A novel program was created in which undergraduate students were trained to observe the handoff procedure. The student checks to see that the transporter provides a written document for the nurse, the nurse checks for an order in the chart, and both the transporter and nurse check for two patient identifiers.

"You would think if you are being observed, you would be compliant 100% of the time, but that was not the case," says Rosenthal. "When we started, our compliance was 40%. That confirms for me that people don't always do it perfectly just because they know they are being watched."

Observed compliance with all measures is now greater than 95%, but this accomplishment took two years to achieve. "For me, that illustrates that asking for a change of this magnitude is not trivial," Rosenthal says.


For more information on compliance with National Patient Safety Goals, contact:

  • Thomas Rosenthal, MD, Chief Medical Officer, UCLA Medical Center, Los Angeles. Phone: (310) 825-4686. E-mail:

Strategies for compliance with national safety goals

Here are some proven strategies for national patient safety goals (NPSGs) that might be especially difficult to monitor:


Have a daily monitoring of one case per day, suggests Kate Moses, RN, CNOR, CPHQ, quality management nurse, Medical Arts Surgery Centers in Miami. The monitor can observe the timeout to make sure all parties have stopped what they are doing and are involved, she says.

"We don't load the scalpel and the first tool is not within the doctor's reach until the timeout is completed," she says. "It's a way to keep them from jumping the gun."

Everyone in the room has to verbally acknowledge that they are in agreement, Moses says.

Although it's not part of the NPSG, Moses' facility has a policy that the music is muted during the timeout so everyone in the room can hear.

Mark on the surgical site.

Moses' facility spells out that physicians will mark the site, regardless of the procedure. "We don't move the patient into the OR without a mark," she says.

The staff are empowered to say stop, Moses says. "If the identify is not matching up, maybe they printed it wrong on the paper, the patient doesn't move forward until it's corrected," she says.

Medication reconciliation.

There has been some confusion over what outpatient surgery providers are required to do in terms of medication reconciliation.

Medication reconciliation can be cumbersome in the ambulatory setting, so Moses called The Joint Commission to find out exactly what staff responsibilities entail. She included that information in a grid that spells out individual responsibilities.

"It says to be mindful of what the patient has been on at home, those that have allergies, for example, so that in the procedure itself, you don't use something that's contraindicated," Moses says. By using the grid to refresh every staff person's mind about medication safety in areas such as allergies, "it's a quick way to get it done and meet the goals," she says.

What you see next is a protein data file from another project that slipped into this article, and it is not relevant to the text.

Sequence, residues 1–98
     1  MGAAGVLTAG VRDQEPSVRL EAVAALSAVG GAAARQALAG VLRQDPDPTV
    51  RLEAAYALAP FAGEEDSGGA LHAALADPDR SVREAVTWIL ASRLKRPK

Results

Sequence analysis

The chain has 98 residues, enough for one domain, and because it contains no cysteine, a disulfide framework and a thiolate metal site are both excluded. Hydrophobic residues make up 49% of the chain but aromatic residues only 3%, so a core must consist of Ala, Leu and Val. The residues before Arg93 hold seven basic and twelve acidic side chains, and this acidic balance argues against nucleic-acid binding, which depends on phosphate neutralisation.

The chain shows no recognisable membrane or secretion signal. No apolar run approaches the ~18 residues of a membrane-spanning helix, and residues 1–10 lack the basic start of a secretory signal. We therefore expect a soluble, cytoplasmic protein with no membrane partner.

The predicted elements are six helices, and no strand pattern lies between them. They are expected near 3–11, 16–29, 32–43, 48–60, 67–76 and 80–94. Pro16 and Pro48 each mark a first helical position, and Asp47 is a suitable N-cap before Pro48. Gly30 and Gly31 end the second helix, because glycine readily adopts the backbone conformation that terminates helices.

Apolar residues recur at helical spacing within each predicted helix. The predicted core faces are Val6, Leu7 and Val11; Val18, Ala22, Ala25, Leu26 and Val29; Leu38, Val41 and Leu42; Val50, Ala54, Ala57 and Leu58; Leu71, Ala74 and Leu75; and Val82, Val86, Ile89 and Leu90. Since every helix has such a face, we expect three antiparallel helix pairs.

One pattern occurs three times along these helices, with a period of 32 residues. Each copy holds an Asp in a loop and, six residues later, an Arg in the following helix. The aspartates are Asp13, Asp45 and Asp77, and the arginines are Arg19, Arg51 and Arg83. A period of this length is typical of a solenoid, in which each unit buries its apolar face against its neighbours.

Handoff communications.

Implement a standardized approach to handoff communications, with an opportunity to ask and respond to questions, sources say.

Charles Emerman, MD, associate chief of staff in charge of quality at The MetroHealth System in Cleveland, says, "We can have checkboxes to say that people did this, but I can't always be sitting there listening while people talk to each other."

At the University of Pittsburgh Medical Center, the "Ticket to Ride" program is the mechanism used to comply with the handoff goal. The "ticket" can be printed from the computer system and handed to the receiving staff. The sheet includes instructions about where the patient is going and why. The program provides standardization of communication among caregivers at all handoff points, with the goal of reducing serious events related to patient transport and handoffs.

"The program started as a pilot in one hospital and is now being spread throughout our system," says Kathy Hale, director of patient safety. "We monitor compliance through our event reporting system, by investigating and tracking events that occur during patient transport or that are in some way a result of a handoff."

Hand hygiene.

Just as you can't listen to everything staff say when they are handing off a patient, you can't watch everybody washing their hands, says Emerman. At MetroHealth, spot checks are done by staff to observe hand washing, but this system isn't foolproof, he says.

"We have a nice process where everybody takes ownership of watching everybody else wash their hands," Emerman says. However, it's difficult to implement, he acknowledges.

"It's hard to get a 20-year-old care associate to go up and tell a physician to go back and wash their hands, even though we tell them it's OK to do that," he says. There is no magic bullet, Emerman says. "It won't be a permanent fix," he says. "It will be something that you have to constantly monitor."


For more information, contact:

  • Charles Emerman, MD, Associate Chief of Staff/Chair, Department of Emergency Medicine, The MetroHealth System, 2500 MetroHealth Drive. Cleveland, OH 44109.